August 29, 2020 by Dr. Robbie Barber
Tuesday was the 7th day of school and the first where I joined a teacher’s classroom to teach students synchronously. Let’s be clear what kind of work it took to be there for a teacher.
First, I know the work and goal of this classroom. I have taught her class the basics of research, how to search the database, what to look for in a journal article, and the detailed information this high level senior science class requires for two years. Fundamentally, I have a relationship with this teacher.
Second, an essay on how I spent my summer vacation for 2020 is filled with online courses (asynchronous and synchronous), webinars, online conferences, and online workshops. I tried building a space online for my Media Center. I ran into issues and tried a different tack. I had more issues. Finally, I spoke to other teachers got their input and made some significant changes. I did not do this during our frantic five days of pre-planning. I spent 10 weeks this summer working, preparing, and discussing the best approaches on my own time and my own dime. (We can’t say this enough – I am paid to work 190 days during the school year and I am not paid during the summer. I simply agree to have my paycheck split up over 12 months.)
Third, I spent the preplanning week doing two main things. One was teaching teachers how to set up their online classrooms. The other was providing resources. But in this case, resources does not necessarily mean handing them a book. Instead, the resources are often people. I gathered information about which faculty members knew which systems best. Then, when I received a question about a software that I didn’t know well (or couldn’t use as a Media Specialist), I replied and cc’ed another teacher saying, “I don’t know the software but Ms. X does. If she doesn’t have time, please let me know and I’d find someone else to help.” The result was building a database of resources and trying to teach teachers to simply ask.
During preplanning, I was also given two days, two hours each day to teach teachers about technology. Don’t worry – I didn’t lecture at teachers online for two hours (shudder). Instead, we got a team together and taught with strict timing and extra support. Interesting side effect was that our IT support person for our school region mentioned that she had had no calls from our school. I believe it is because we (all of the teachers) built a sustainable model to support each other. As the only librarian in the building, I understand the importance of working with an online group for support and encouragement. Teachers may not be as used to it as those of us isolated by our position. No problem – we can all grow and learn how to navigate this situation.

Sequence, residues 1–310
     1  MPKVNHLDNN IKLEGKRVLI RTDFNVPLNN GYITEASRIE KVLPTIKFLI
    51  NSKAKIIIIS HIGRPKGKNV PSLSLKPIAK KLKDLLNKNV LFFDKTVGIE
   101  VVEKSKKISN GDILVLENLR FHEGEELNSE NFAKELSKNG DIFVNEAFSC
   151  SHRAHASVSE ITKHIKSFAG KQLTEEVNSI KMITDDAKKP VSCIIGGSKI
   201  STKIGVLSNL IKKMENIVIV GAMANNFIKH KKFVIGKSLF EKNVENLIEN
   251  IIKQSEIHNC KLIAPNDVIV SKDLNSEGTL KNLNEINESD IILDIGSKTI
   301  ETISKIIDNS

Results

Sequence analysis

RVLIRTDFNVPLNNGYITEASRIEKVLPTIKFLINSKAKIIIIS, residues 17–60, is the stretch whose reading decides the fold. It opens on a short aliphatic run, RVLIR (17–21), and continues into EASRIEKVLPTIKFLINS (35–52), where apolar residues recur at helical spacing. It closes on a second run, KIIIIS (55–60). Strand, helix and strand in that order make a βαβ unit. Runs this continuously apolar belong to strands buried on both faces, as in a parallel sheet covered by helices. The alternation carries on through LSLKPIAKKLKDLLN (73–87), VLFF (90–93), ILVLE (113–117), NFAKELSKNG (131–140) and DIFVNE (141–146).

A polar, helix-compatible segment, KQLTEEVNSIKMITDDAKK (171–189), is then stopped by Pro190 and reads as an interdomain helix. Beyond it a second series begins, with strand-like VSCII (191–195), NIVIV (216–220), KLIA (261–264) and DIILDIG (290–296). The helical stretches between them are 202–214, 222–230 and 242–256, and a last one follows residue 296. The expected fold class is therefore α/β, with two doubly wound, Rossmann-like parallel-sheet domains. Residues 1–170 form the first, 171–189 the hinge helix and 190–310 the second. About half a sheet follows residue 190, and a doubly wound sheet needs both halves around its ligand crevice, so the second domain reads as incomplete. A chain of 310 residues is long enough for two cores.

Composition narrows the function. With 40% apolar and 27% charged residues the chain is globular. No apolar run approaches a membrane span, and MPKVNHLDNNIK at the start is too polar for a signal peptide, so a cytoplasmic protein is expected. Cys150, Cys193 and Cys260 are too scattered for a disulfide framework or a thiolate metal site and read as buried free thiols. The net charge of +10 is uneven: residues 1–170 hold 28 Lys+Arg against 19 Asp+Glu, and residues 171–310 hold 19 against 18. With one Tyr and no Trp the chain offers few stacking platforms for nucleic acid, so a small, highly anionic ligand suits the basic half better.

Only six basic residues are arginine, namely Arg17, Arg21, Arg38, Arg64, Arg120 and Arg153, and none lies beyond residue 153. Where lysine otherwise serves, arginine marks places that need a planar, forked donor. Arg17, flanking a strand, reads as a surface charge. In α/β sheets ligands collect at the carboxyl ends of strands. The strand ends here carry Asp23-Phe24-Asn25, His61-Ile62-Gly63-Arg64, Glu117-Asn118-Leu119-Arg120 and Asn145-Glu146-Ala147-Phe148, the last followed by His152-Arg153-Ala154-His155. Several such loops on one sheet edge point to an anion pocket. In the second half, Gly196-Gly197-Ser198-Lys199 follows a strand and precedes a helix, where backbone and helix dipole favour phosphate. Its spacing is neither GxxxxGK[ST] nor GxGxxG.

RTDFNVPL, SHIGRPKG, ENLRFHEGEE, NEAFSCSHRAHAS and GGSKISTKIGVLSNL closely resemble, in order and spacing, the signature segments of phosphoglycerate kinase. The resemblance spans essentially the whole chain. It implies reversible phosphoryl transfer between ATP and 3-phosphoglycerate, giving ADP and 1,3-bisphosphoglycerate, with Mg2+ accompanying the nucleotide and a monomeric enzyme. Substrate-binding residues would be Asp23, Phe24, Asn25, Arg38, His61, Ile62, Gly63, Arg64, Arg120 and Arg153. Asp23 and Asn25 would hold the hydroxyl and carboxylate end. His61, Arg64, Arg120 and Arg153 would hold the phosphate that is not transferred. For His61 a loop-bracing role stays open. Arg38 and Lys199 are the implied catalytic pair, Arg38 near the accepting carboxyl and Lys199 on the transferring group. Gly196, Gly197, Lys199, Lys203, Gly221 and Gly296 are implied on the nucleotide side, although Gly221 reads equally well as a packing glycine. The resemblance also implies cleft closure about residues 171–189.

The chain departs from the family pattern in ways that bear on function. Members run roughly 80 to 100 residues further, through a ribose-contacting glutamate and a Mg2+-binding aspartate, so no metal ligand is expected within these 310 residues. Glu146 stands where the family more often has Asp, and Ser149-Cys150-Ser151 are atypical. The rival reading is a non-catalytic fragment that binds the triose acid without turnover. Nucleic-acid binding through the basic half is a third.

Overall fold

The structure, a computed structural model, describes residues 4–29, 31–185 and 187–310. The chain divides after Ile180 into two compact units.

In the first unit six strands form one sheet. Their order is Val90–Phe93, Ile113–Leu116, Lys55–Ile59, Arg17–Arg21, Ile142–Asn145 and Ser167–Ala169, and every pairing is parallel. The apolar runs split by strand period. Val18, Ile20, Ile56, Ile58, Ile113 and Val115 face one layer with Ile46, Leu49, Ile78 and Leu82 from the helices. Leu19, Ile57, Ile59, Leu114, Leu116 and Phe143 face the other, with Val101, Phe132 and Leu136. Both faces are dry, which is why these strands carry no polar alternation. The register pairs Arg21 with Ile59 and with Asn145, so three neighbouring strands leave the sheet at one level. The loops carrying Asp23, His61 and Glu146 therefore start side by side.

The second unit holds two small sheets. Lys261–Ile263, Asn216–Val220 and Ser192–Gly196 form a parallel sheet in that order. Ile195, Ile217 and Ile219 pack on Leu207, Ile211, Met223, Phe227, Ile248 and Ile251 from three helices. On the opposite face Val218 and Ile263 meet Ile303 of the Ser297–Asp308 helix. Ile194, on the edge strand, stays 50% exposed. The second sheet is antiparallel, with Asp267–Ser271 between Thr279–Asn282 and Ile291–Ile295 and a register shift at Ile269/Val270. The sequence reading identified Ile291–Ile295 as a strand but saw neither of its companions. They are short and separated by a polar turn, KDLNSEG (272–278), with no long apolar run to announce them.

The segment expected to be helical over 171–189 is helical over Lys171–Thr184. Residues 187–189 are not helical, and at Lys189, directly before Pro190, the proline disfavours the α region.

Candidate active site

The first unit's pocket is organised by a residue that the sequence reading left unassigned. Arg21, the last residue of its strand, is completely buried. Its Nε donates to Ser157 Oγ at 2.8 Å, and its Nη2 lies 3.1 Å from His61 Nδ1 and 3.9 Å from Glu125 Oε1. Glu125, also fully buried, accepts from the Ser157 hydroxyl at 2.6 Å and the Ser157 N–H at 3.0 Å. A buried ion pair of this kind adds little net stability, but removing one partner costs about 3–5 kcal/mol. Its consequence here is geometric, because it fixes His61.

The first week of school passed in a blur of emails, meetings, calls, texts with administrators, teachers, students, parents, and other librarians. We maneuvered through the minefield of online material and issues that may not be in our regular purview. One memorable afternoon was spent working with a teacher for what turned out to be a bad router at her house. I was online from 7:30 a.m. until often after 8:00 p.m. Then I checked and replied to messages at 10:00 p.m. before starting over again. I spent almost 5 hours one afternoon / evening helping the administration set up a class presentation movie to show online. I physically went to the building to help teachers and parapros with broken or missing equipment multiple times. I added items to the school website constantly. I was a teacher, media specialist, A/V specialist, webmaster, resource organizer, IT support, author (newsletter), copyright expert (no, you can’t copy the book and put it online), and a shoulder to cry on, among other things.
And the hard work paid off. Students came to class. Teachers grew in confidence. And slowly, oh so slowly, classes started teaching.
Which brings me to day 7 of school. The teacher provided documentation with students initial research choices. Anyone who has ever done research knows that the initial choice and the ending paper may have little correlation. But it is a starting point to show students how to look up meaningful information. Plus, when you are teaching students how to narrow down their key words, it is great to start with their statements and show them how to pull out the three or so words they need to search on. I don’t think I can adequately describe the joy I felt when I saw the students – videos on! – for the first time since March. Did the lesson go well? Time will tell. My seniors have been with me for three years already. Hopefully, they know they can contact me. I’ll help.